For those fresh out of university or college and have never had a Curriculum Vitae (CV), this post would give you a basic guide on how a CV should the written.
I am going to divide it into 2 sections so you can understand it better. The first section would be on the major sections of a CV and the second section would be how to write it in terms of lexis and grammar.
Major Sections of a CV
- CV Name – Your name and surname should be at the top of your CV. Please write your name as “Name Surname” or “Surname, Name”.
- Contact Information – After your CV name, you should add your phone number, e-mail address, and contact address.
- Summary or Profile – A summary talks about your education, experience, and career objectives in about 3 sentences.
- Education – As a graduate, either your education or skills should come after your summary/profile. Start with your most recent educational qualification and continue in reverse chronological order.
- Skills/Competencies/Expertise – Your skills, competencies, or areas of expertise include professional technologies (computer applications, physical equipment, and so on) you can use and areas similar to your educational qualification that you can also fit in.
- Experience – If you have worked in any job, state it. Start with your most recent job and continue for other jobs in reverse chronological order.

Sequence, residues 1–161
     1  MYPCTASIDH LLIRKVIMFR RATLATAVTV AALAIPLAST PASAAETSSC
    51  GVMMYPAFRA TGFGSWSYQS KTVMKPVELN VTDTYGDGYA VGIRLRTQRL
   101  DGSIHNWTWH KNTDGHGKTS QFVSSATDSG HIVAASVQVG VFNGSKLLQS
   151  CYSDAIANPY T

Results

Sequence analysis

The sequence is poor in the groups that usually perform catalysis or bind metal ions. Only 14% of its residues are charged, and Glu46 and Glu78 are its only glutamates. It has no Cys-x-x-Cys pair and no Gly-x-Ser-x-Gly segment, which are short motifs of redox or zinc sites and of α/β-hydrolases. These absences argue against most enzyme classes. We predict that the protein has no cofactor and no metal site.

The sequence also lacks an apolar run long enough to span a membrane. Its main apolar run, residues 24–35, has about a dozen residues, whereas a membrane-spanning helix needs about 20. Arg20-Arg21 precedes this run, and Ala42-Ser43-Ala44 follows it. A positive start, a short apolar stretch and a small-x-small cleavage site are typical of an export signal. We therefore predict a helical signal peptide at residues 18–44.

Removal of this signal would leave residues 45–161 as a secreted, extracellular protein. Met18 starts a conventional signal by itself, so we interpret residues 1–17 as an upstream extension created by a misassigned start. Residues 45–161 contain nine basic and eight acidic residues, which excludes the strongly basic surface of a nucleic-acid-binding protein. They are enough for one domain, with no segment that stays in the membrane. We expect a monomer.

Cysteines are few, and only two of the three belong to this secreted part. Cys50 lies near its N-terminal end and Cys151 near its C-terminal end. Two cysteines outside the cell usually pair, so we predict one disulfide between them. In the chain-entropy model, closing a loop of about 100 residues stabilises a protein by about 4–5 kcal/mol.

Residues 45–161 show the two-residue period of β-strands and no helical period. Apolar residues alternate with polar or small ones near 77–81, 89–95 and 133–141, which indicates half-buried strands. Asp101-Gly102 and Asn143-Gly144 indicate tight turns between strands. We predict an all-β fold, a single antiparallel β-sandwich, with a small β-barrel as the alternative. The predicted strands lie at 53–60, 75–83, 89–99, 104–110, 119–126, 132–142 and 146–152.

- Awards/Conferences/Professional Qualifications – If you have won any award, attended any professional conference, or have bagged a professional qualification, please say it to.
- Bio-data – Although not usually necessary, you may want to state information like your age, gender, nationality, and state of origin.
- Hobbies – If you have hobbies, please state them.
- References – Although not usually necessary, you can also state your referees.
How you should write your CV
- Spacing – Spacing between the major sections (paragraphs) should be consistent.
- Capitalization – Decide on a capitalization style and stick to it. For instance, if you choose that all the educational institutions you attended should be in capital letters, stick to it.
- Errors – Check for spelling and punctuation errors.
- Personal Language – Decide on your tenses and stick to it. For instance, in your job duties, if you decide to use present continuous tense to list your duties, stick to it for all your jobs.
- Word Choice – Use words that are easy to understand and are related to your job.
- Sentences – Use short sentences; they are easier to understand than long sentences.
How a CV should look
Get our book, “How to write a job-landing CV”
Our book would teach you how to write a CV that would always get you invited for interviews.
Get yourself a new Resume/CV
Not getting invited for interviews? Your Resume/CV is most likely the problem. Let us help you.
Join our Telegram Group
Information is power. Hear about job openings, join our Resume and CV Clinic, and learn Career Tips when you join our Telegram Group.
Subscribe To Our Newsletter
Join our newsletter to receive insights on CVs and cover letters, job hunting, and career tips.
Remember, information is power.